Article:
Shipping containers, no matter where you find them in the world, are designed and built to standard sizes. This makes packing them with goods, loading them on ships, and transporting them around the world incredible efficient. More specifically, container manufacturers adhere to ISO (International Standards Organization) regulations with respect to size, materials, and production processes. That being said, there are some variations that you’ll find in the market place.
When discussing shipping containers, the primary metric used is the length, specifically the external length. The primary sizes of containers used in shipping are either 20ft or 40ft long. Once the length is determined, the second metric is the height of the shipping container. Originally, containers were manufactured to be 8’ 6” tall. However, in recent years many shipping lines have opted to transport with taller containers called “high cubes”. High cubes are one foot taller, making them 9’ 6”. The width is the one measurement that remains relatively constant at 8ft. The only variation in width is with some European containers that are 2.5 meters wide.
Weight capacity of shipping containers is also standardized, while allowing variations related to the length.
As we discussed before, shipping containers are primarily manufacturer to be 20’, 40’ and occasionally 45’ long. Containers used for storage or other non-shipping purposes are can be found in smaller lengths, most commonly the sizes are 8ft (2.44m), 12ft (3.66m), 16ft (4.88m), 24ft (7.32m) and 32ft (9.75m). If other sizes are necessary there are typically companies that will manufacture them to custom specifications.
Shipping containers are commonly either 8ft 6ins (2.59m) or 9ft 6ins (2.90m). High containers are growing in popularity.
The standard width of a shipping container is 8ft (2.44m). This number isn’t arbitrary and is designed to fit two standard pallets. However, in Europe wide pallets are common and special containers are made for that market. EU specific containers are 2.5 meters wide, and while they are available it is not common to find them in the secondary market, especially in North America.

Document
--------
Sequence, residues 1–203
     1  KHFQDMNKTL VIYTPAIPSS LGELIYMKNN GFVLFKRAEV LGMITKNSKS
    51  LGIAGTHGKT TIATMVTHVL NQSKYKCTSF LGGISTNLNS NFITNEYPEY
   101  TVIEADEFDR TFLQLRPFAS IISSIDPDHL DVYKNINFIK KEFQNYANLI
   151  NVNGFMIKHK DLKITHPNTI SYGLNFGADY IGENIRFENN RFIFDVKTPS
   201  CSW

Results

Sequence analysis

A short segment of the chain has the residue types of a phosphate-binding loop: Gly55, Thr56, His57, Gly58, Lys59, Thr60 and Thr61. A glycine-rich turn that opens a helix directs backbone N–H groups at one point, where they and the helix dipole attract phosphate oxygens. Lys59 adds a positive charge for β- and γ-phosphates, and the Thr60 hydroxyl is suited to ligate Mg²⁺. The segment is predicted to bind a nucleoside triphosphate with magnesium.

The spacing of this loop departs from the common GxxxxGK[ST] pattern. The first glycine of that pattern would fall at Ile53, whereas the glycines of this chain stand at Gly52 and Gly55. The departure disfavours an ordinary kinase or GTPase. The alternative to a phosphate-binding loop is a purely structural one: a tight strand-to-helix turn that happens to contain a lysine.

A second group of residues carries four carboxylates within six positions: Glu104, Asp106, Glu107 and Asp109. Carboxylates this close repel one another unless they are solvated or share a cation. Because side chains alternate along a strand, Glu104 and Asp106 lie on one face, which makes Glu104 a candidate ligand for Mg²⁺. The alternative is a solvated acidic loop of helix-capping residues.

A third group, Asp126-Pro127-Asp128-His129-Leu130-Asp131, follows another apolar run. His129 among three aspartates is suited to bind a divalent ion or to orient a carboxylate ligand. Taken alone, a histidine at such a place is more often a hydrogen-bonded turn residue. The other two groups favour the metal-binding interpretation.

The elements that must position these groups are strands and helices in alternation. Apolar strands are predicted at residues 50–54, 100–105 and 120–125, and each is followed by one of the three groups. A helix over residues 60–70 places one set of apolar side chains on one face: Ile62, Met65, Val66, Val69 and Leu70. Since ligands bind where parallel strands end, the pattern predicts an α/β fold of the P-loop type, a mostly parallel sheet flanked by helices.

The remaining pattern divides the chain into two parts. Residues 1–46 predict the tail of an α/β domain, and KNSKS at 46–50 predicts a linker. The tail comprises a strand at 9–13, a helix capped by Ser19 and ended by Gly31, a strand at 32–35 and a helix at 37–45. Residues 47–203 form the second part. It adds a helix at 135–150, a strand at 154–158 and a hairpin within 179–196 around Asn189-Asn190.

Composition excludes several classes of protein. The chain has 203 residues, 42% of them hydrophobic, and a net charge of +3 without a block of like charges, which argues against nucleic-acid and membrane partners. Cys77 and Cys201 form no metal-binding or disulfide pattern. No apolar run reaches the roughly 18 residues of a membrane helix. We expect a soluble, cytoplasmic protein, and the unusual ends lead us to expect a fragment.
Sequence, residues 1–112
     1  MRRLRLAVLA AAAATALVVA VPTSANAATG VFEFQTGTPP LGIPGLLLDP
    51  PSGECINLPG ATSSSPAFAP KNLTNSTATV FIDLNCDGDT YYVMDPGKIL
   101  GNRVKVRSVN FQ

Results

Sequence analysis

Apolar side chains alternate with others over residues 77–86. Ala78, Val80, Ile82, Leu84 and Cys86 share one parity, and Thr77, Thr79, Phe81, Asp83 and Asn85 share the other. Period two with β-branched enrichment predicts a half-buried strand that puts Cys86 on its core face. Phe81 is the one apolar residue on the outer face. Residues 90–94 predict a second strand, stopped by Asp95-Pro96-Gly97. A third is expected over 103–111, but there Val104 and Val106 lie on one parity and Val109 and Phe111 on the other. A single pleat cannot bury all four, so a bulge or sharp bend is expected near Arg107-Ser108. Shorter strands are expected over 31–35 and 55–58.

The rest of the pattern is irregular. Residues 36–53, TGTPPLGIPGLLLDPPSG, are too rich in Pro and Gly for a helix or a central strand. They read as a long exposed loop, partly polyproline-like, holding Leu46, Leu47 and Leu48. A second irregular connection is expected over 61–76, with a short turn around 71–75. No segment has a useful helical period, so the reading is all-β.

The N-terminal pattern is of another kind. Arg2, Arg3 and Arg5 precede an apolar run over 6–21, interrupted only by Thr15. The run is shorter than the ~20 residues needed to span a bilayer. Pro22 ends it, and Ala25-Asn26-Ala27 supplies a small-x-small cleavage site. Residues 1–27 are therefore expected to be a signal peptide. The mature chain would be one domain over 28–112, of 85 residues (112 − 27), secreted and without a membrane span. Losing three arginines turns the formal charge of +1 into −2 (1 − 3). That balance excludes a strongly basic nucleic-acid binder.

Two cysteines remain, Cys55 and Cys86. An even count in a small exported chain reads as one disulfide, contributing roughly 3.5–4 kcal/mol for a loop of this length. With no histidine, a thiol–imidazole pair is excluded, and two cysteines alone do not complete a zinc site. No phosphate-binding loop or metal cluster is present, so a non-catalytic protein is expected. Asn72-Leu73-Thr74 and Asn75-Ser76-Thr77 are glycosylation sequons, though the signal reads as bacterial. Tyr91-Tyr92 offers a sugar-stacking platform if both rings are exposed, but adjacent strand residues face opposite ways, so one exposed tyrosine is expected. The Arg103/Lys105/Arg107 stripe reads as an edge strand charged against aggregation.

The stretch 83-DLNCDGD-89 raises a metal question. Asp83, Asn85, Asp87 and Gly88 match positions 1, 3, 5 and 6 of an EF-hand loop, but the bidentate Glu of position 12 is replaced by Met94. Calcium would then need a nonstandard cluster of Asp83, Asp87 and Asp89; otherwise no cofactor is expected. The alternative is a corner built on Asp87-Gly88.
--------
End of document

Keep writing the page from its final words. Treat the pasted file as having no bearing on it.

The side walls of shipping containers are typically always made of corrugated steel, and the depth of the corrugation is normally 1 inch (25mm). This means that the internal width loses two inches, or 50mm from the external dimensions. The back end, or commonly called the “blank end”, is also corrugated; while the door is manufactured to be 2 inches thick. All this adds up to mean that the container loses 3 inches from the length.
The remaining dimension to highlight is the height. Due to the thickness of the floor and framing, there is a greater loss in the height of the container. Because forklifts need to be able to easily slide under the container to lift and move it, they require an underside clearance of 6 inches (150mm). Combine this with the floor of thickness of 27mm (1.1 inches), and the internal height loses 7.1 inches to the floor, and another 1 inch (25mm) to the corrugated roof. The container is left with approximately 7ft 10 inches (2.39m) of internal height, although this can vary either in either direction.
The access through the door of a shipping container is 7ft 6in. Shipping containers get their structural integrity through the design on the frame, and part of the frame runs above the door. The width of this frame is 4 inches (100mm), accounting for the height of 7ft 6 in (2.28m).
When speaking of shipping containers there are three weights that are important to note: the tare weight, the gross weight and the maximum payload. For easy reference, these numbers are always painted onto the outside of the doors of a shipping container when it is in active shipping service.
|Payload (or Net Weight)||1,300kg|
|Max Gross Weight||10,000kg|
Note that modified or cut-down containers cannot hold the same weight as a standard container, because the structure of the container has been changed. The company that modifies the container should be able to provide details, capacities and advise if their design has been weight tested for lifting.
|Cubic Capacity||15.95 cu m|
563.3 cu ft
|33.2 cu m|
1,170 cu ft
|67.59 cu m|
2,387 cu ft
The Harmonized System Code (HS CODE) is a standardized multi-functional system to classify goods, universally applied by governments of all countries, international organizations and individuals in many other fields, such as customs tariffs, domestic tax, trade policy, price control, quota control, budgeting, and economic research and analysis.
Please click here for more information http://hscode.org
OEMSERV's standard HS Codes: